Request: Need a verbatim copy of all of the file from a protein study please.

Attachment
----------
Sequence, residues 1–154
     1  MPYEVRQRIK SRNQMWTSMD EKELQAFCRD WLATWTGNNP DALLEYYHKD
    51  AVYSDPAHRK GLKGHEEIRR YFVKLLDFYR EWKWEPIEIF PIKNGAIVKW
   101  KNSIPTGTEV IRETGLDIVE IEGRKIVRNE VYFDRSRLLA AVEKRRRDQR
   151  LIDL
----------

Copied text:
Sequence, residues 1–154
     1  MPYEVRQRIK SRNQMWTSMD EKELQAFCRD WLATWTGNNP DALLEYYHKD
    51  AVYSDPAHRK GLKGHEEIRR YFVKLLDFYR EWKWEPIEIF PIKNGAIVKW
   101  KNSIPTGTEV IRETGLDIVE IEGRKIVRNE VYFDRSRLLA AVEKRRRDQR
   151  LIDL